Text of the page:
State grant program faces funding shortage this year

Dearth amounts to $9 million to $16 million

Kari Petrie

University global studies sophomore Talia Sundby doesn’t have to worry about receiving financial aid for the remainder of this school year.

Her aid has been approved. But next year, she may find herself in the same situation as nearly 12,000 other Minnesota college students affected by a state financial aid shortage.

“It makes me really frustrated,” she said. “I will have to keep racking up debt with loans because I can’t work and get the grades that I want.”

The Minnesota Higher Education Services Office – which helps Minnesotans gain access to higher education through grants, loans and work-study programs – projects a $9 million to $16 million shortage for its state grants funded through June 2003. Those who apply after Jan. 10 will not be awarded grants, and none will be awarded for summer 2003.

University financial aid officials said the loss of funding will affect approximately 1,000 students for the upcoming summer session.

Phil Lewenstein, a spokesman for the higher education services office, said record enrollments for higher education institutions are causing an increase in the number of students applying for and receiving state grants. He also cited the troubling economy and rising tuition rates for the increase in applicants.

“The demand for our need-based state grants is outstripping our available money,” Lewenstein said.

Last spring, the State Legislature asked the higher education services office to cut its work study program and a large portion of the child-care program in order to fund the state grant program, Lewenstein said. Those reductions affected another 12,000 students.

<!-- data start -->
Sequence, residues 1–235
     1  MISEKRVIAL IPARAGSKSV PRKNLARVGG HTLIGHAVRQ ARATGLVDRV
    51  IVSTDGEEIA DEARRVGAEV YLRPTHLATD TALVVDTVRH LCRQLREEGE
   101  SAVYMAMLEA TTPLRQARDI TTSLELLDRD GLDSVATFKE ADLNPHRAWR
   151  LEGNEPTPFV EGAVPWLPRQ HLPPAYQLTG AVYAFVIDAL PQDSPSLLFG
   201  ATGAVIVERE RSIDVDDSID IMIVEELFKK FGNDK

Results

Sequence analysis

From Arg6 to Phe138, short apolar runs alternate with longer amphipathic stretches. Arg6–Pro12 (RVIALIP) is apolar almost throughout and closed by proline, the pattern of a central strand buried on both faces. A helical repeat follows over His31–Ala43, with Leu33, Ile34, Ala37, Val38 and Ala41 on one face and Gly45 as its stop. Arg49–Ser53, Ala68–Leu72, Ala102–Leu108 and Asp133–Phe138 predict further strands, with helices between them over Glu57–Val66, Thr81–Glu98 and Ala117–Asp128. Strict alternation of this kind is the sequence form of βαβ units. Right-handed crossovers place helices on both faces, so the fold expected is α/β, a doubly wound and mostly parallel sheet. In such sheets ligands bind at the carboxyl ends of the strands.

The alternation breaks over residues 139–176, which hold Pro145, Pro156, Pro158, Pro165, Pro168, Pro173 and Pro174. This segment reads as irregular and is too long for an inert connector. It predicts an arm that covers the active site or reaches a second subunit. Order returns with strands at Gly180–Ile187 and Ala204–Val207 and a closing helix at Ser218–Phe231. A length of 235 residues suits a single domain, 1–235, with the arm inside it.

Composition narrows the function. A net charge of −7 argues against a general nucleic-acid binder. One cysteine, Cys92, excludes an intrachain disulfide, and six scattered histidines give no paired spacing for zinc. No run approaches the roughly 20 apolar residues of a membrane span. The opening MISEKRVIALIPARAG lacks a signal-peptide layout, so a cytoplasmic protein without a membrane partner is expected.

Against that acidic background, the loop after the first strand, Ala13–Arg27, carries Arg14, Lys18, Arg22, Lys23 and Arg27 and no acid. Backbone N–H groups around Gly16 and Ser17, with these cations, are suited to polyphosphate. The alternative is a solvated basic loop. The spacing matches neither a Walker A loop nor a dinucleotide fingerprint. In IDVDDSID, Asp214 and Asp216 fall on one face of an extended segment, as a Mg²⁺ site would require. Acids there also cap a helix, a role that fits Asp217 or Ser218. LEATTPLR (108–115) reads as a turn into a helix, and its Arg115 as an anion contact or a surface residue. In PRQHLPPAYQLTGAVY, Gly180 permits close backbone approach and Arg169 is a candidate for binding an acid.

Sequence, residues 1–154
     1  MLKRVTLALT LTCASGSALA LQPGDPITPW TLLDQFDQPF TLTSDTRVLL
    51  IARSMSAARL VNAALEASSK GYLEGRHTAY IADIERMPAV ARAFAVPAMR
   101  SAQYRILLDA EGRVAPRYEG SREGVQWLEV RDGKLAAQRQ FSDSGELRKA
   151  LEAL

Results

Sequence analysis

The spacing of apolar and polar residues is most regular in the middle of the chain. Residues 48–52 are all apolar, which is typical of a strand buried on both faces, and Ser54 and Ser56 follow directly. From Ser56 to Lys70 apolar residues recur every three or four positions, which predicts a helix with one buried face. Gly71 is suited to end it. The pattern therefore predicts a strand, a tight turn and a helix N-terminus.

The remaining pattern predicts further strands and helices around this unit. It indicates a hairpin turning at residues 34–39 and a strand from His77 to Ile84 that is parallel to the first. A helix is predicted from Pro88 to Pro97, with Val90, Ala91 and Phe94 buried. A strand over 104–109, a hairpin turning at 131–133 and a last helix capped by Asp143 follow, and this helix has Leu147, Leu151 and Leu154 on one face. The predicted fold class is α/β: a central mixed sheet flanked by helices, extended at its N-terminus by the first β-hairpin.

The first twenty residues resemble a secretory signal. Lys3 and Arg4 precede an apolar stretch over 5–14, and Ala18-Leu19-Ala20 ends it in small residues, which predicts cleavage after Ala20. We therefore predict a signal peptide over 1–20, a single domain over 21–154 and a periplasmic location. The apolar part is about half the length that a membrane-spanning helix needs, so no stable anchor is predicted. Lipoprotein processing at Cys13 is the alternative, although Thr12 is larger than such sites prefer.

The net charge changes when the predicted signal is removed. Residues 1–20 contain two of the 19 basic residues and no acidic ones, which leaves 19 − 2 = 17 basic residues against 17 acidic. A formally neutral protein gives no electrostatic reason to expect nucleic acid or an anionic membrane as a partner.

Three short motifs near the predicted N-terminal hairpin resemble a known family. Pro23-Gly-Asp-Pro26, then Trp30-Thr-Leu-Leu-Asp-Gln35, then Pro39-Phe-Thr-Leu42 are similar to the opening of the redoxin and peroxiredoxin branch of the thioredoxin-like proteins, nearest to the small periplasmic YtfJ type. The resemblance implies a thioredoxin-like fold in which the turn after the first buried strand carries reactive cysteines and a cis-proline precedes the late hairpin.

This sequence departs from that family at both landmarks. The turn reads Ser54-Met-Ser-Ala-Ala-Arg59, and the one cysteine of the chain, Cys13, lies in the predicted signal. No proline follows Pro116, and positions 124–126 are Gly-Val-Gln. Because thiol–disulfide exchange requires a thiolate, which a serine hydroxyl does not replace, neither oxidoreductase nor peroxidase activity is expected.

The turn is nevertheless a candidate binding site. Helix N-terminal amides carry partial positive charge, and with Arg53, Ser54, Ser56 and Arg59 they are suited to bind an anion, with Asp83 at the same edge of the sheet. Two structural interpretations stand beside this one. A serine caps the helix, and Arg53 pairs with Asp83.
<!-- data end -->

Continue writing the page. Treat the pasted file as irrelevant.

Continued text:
“It’s going to be very difficult because (students) will lose their funding certainly for the summer,” said Kris Wright, the University’s acting director of financial aid.

“We have real uncertainty on how, even in the fall, we’re going to go forward with the funding for the Minnesota state grant and the Minnesota state work study and child-care,” Wright said. “It’s obviously going to be very difficult.”

Wright said in the past the Legislature has made up for insufficient funds for state grants. However, this year the University’s request was denied, Wright said.

The financial aid department sent out an e-mail to undergraduate students who will not be receiving grants late last week.

Katy Carter, a senior sociology major, was one of those students.

“I don’t know what I’m going to do,” she said. “I’m going to have to take out more parent loans and rely more on my parents, who already have seven other kids to take care of.”

As for next fall, officials don’t know what to expect.

“We will be advocating for (a larger budget). We really think it’s one of the most important investments the state makes,” Lewenstein said.

“We are not going to know about fall until after the Legislature has completed their business, hopefully at the end of May,” Wright said. “This is just a really difficult situation for everyone and I wish we had answers, but we don’t.”

Both Lewenstein and Wright suggest students contact the financial aid office for more information and look to other resources, such as loans or private scholarships, for aid.

“Students should contact their legislators. This is the time when it’s really important to be involved and the Legislature needs to hear from students about how financial aid has helped them,” Wright said.

Sundby, like many other students, can only wait and see what happens in May.

“I’ll have to continue taking out loans and I might have to pass up law school or graduate school because I won’t be able to pay off loans, support myself and go to school,” Sundby said.

Kari Petrie welcomes comments at [email protected]